Carney indulges fantasy about cause of housing bubble

Few things are more aggravating than these central bankers who come out with pabulum-fed bullshit observations about the economy while being treated like the Oracle of Delphi. as if mere words will decidedly shape economic outcomes.

So Mark Carney is warning about housing prices again. He alludes to nothing concerning interest rate policy, which is no surprise, but he does indulge in a fantasy about “greedy speculators and investors” and desperate families driving up prices such that there are “excesses” in some markets. And in this wacky bubble-fueled markets, like Vancouver,  home ownership creates special  “financial vulnerabilities.”

Oh come on. I understand the whole public perception issue, and how Carney cannot admit that he has any role in this housing bubble. Still, Carney’s statements are amazing in the way they must reveal either his ignorance of reality or how he simply pretends not to know. You see, in this world, there are always greedy speculators and investors. Always. By itself, the existence of greedy people does not account for asset bubbles.

No one has ever been able to show with real economic reasoning how greed systematically creates distortions. Neither does greed’s foil, fear, systematically create distortions. Greediness and fear are answers to the question of why people do things, which is an issue for psychology. When we wish to understand economic law, we build upon the fact that people do things as such, rather than why people do things.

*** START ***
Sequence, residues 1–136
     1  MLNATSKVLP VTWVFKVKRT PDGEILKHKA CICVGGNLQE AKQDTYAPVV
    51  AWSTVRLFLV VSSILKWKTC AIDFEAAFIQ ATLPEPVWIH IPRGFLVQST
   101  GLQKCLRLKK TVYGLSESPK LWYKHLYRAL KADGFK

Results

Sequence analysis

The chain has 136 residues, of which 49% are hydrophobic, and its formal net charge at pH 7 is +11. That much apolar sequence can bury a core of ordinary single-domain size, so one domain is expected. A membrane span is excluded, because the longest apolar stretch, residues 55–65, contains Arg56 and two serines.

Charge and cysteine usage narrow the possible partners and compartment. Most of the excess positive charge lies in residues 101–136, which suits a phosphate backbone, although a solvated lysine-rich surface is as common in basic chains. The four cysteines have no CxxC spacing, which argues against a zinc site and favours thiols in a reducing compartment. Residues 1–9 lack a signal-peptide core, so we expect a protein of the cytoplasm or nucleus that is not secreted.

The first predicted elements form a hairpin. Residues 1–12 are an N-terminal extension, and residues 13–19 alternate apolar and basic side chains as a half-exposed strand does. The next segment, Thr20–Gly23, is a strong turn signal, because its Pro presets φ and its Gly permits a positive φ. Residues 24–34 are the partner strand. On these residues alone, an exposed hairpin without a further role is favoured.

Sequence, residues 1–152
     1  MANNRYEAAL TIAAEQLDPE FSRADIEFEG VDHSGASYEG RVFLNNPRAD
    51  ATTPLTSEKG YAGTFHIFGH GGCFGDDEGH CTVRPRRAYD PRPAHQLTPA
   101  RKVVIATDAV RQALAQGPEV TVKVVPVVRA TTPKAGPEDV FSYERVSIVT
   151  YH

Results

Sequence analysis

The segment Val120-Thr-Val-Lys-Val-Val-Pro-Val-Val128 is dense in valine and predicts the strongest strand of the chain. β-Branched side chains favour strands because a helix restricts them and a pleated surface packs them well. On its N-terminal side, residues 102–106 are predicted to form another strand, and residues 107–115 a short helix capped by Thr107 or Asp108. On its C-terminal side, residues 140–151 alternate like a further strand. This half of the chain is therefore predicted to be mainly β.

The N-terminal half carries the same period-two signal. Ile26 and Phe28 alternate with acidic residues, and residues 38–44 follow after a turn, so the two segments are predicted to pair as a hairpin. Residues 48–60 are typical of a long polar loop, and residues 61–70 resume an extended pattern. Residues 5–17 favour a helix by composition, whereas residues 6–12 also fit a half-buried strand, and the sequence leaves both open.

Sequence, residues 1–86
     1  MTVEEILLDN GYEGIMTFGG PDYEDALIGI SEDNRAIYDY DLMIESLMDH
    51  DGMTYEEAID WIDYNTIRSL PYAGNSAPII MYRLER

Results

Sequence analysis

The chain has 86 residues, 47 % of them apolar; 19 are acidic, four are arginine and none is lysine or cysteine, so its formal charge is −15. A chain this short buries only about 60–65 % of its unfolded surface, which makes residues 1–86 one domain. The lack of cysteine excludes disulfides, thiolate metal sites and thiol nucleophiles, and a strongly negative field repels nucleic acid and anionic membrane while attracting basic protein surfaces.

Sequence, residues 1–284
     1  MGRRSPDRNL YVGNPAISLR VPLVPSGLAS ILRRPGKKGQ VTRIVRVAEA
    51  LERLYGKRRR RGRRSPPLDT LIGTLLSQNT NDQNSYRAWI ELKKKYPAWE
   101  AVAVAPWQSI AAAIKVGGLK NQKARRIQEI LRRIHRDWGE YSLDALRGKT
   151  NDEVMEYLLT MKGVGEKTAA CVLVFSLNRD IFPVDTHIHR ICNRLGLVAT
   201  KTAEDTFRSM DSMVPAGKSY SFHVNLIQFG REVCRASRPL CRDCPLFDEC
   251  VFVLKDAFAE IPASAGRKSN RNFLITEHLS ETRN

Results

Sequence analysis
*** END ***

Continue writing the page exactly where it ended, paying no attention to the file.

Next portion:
What can be shown with economic reasoning is that manipulating the money supply causes interest rates to change. If the central bank expands the money supply, then interest rates will fall and more money will be lent than before. This new money is used to bid up the prices of goods and services, especially capital goods, to higher levels than would otherwise be the case.

Carney probably knows this, and thinks his mighty words alone will help assuage bubble. He does not want to raise interest rates. But the damage has been done. While the BoC’s balance sheet has contracted to pre-crisis levels and been relatively stable for some time now, Canada’s economy was not allowed to rebalance itself in a real recession and therefore myriad distortions remain.

Devastating financial collapse — and a complete implosion of housing prices — still to come, no matter how much Carney warns about distortions. What a fool.

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